For five years, I’d ride a commuter train from Woburn, Massachusetts to North Station in Boston. On rainy or rare snowy days, I’d hop on the Orange Line (the “T” or subway system) to Downtown Crossing then walk the few blocks to 160 Federal Street. In the polished lobby of this skyscraper, I’d stop at Au Bon Pain for a flaky croissant then take the elevator to the 29th floor where I worked as a law librarian in the law offices of Rackemann, Sawyer & Brewster. Biting into the buttery roll, I’d admire the damp view of Boston Harbor while trying to ignore the sway of the building.
On clear days, I’d walk that mile from North Station past the fish aromas and sweet fruit smells of Haymarket Square (http://www.boston-discovery-guide.com/haymarket-boston.html). Vendors with Boston accents who’d drop their “r’s” and then put them where they didn’t belong would haggle prices with thick-accented Portuguese and Italian customers.
Just around the corner I’d glance in the windows of the Union Oyster House (http://www.unionoysterhouse.com/) with its “Established in 1826” sign advertising its “raw bar” making me image naked people sitting on bar stools while enjoying frosty mugs of Sam Adams.
Further down on my right would be Boston’s sterile, concrete City Hall obviously and unimaginatively built in 1968. Not too far from city hall on the left, I’d pass the beautiful brick Faneuil Hall (https://en.wikipedia.org/wiki/Faneuil_Hall) built more than 200 years before. I’d admire the bouquets of roses and Gerber daisies, multi-colored kites, and green Boston Celtic t-shirts on display outside the bustling marketplace.
When I wasn’t working in downtown Boston, my husband and I would visit Good Harbor Beach on Cape Ann where the low tide would reveal pools of crabs and give us a chance to walk out to the rocky island. We’d visit the nearby fishing city of Gloucester (http://gloucester-ma.gov/index.aspx?nid=299) where the events depicted in Sebastian Junger’s nonfiction book A Perfect Storm took place and where the “Man at the Wheel” statue stands in memorial to the men and women lost at sea.
On weekends we’d head up to my favorite town of Rockport and eat rich lobster meat from paper trays while shopping in art galleries. Or we’d bring a bottle of Chardonnay to this dry town and toast the sunset while enjoying the catch of the day at My Place by the Sea on Bearskin Neck (http://www.myplacebythesea.com/).
Once we vacationed on Nantucket Island (http://nantucket.net/) and slept in the Jared Coffin House, thehistoric, three-story brick home of a sea captain from the 1800s. We easily understood why Herman Melville based “Moby Dick” upon the island’s whaling tradition. Later we stayed on Martha’s Vineyard (http://mvol.com/), toured the lighthouses, hiked along Gay Head Cliffs, and ate quahog chowder and fish and chips at the Black Dog Tavern.
Back on the mainland, we’d head to Salem to tour Nathaniel Hawthorne’s House of Seven Gables (http://www.7gables.org/) or travel to Concord for a peaceful, technology-free walk in the woods around Henry David Thoreau’s Walden Pond (https://waldenpondstatereservation.wordpress.com/). There we’d place a stone on the cairn where Thoreau’s cabin once stood.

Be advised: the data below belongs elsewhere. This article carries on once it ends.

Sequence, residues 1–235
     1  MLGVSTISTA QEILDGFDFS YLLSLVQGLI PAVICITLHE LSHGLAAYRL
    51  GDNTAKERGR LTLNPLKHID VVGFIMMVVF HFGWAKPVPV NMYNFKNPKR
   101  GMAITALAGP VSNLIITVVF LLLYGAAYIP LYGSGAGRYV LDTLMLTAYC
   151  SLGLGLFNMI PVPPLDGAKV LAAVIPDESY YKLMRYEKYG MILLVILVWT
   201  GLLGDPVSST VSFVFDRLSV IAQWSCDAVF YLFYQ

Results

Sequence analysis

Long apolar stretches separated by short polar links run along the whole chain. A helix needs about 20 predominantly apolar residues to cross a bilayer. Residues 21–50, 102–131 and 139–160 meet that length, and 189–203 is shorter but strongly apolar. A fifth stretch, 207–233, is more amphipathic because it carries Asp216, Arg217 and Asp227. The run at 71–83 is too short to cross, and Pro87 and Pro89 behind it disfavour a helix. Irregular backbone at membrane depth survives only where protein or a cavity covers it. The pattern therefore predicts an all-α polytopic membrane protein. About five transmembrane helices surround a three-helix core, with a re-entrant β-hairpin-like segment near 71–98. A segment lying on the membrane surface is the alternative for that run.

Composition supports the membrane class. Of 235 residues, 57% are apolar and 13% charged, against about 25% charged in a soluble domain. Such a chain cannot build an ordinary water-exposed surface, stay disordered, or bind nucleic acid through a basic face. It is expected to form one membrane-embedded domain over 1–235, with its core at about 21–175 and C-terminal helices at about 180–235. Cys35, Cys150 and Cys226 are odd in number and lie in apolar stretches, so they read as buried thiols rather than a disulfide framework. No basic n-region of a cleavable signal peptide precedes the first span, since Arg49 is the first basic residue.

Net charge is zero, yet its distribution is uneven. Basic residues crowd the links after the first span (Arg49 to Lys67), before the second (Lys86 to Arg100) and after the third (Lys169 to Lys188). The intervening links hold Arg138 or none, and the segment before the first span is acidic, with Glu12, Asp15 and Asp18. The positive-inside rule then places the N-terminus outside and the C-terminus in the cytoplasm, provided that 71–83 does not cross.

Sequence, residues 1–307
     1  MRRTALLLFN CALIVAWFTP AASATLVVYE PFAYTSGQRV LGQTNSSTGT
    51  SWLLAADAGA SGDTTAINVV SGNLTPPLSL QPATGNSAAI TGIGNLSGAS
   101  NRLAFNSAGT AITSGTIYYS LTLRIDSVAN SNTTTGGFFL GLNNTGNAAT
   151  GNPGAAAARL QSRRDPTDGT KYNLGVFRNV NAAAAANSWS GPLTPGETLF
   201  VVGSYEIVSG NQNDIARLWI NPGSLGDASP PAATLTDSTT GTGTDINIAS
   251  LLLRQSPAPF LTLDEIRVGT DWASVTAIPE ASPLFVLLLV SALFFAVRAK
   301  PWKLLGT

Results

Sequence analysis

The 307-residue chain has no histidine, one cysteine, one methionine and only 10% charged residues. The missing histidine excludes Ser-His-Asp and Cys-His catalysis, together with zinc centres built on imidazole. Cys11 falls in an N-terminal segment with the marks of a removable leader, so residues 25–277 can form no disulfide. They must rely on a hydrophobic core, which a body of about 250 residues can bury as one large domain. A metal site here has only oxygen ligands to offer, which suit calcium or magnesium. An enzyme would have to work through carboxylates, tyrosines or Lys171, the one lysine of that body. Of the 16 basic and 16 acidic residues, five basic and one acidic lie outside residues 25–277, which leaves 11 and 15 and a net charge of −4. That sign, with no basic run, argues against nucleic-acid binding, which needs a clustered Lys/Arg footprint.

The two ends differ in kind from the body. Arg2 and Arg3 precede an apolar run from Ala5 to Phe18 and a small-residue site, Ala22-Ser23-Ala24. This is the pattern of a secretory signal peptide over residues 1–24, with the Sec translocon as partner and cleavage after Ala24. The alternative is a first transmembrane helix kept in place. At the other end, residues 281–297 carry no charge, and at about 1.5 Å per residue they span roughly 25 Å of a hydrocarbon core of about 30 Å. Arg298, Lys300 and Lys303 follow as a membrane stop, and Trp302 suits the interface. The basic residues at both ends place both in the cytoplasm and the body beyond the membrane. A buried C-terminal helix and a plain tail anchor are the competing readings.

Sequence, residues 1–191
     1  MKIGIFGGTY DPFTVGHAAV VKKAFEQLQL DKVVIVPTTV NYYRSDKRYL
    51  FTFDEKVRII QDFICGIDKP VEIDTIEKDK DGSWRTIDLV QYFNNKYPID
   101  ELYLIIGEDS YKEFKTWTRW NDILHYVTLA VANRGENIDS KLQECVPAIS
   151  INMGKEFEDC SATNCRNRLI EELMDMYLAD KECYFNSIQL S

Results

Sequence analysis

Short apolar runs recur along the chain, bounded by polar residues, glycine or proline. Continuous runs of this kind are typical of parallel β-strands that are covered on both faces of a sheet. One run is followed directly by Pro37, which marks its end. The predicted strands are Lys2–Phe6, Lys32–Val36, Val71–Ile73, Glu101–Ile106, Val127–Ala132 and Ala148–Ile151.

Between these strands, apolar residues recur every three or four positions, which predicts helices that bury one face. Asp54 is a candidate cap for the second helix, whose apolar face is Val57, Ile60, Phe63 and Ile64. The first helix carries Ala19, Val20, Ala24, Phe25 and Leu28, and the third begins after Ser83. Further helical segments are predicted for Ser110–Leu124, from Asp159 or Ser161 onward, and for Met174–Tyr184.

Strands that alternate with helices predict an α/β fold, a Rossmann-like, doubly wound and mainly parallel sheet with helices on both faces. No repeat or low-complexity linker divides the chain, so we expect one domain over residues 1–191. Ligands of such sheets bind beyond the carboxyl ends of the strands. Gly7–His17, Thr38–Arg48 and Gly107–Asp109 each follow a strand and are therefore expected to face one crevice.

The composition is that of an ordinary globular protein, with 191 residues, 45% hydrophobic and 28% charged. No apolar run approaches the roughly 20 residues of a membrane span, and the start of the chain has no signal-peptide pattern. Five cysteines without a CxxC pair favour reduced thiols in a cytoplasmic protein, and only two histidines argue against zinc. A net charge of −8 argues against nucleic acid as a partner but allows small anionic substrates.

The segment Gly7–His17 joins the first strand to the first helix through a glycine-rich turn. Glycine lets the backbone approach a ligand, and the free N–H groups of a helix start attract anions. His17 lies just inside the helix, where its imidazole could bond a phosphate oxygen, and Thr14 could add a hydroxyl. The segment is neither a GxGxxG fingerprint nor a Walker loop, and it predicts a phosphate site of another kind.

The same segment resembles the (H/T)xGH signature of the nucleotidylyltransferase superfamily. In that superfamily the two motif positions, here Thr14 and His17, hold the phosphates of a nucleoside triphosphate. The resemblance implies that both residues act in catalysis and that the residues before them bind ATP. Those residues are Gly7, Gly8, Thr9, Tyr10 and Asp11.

After my first child was born at Brigham and Women’s Hospital in downtown Boston, we moved back to the Midwest. Many years later, my mother and I returned to Boston for the 20th anniversary of Growing Without Schooling magazine founded by John Holt, the father of the unschooling movement (http://www.johnholtgws.com/). Because of Mr. Holt, I homeschooled both my daughters and wrote the award-winning novel Carpe Diem, Illinois about political intrigue surrounding a small unschooling town.
So the Bay State is the place of my first professional job, my first house, the birth of my first daughter, and the inspiration for life-long learning. And because of this, Massachusetts will always have a special place in my heart.
Kristin A. Oakley’s debut novel, Carpe Diem, Illinois, is the winner of the 2014 Chicago Writers Association Book of the Year Award for non-traditionally published fiction and a finalist in the Independent Author Network 2015 Book of the Year. The sequel, God on Mayhem Street, will be released in 2016.
Kristin is the president and a co-founder of the professional writers’ organization In Print, a board member of the Chicago Writers Association, and editor of The Write City Magazine. As a writing instructor at the UW-Madison Division of Continuing Studies, Kristin critiques manuscripts and offers an online course on cliffhangers. She has a B.A. in psychology and a J.D., both from the University of Wisconsin-Madison. You can find out more about Kristin Oakley here: http://www.kristinoakley.net
Kristin will give one lucky winner a signed copy of her award-winning novel, Carpe Diem, Illinois. Remember to leave your contact information with your comment so Kristin can award your prize if you’re picked!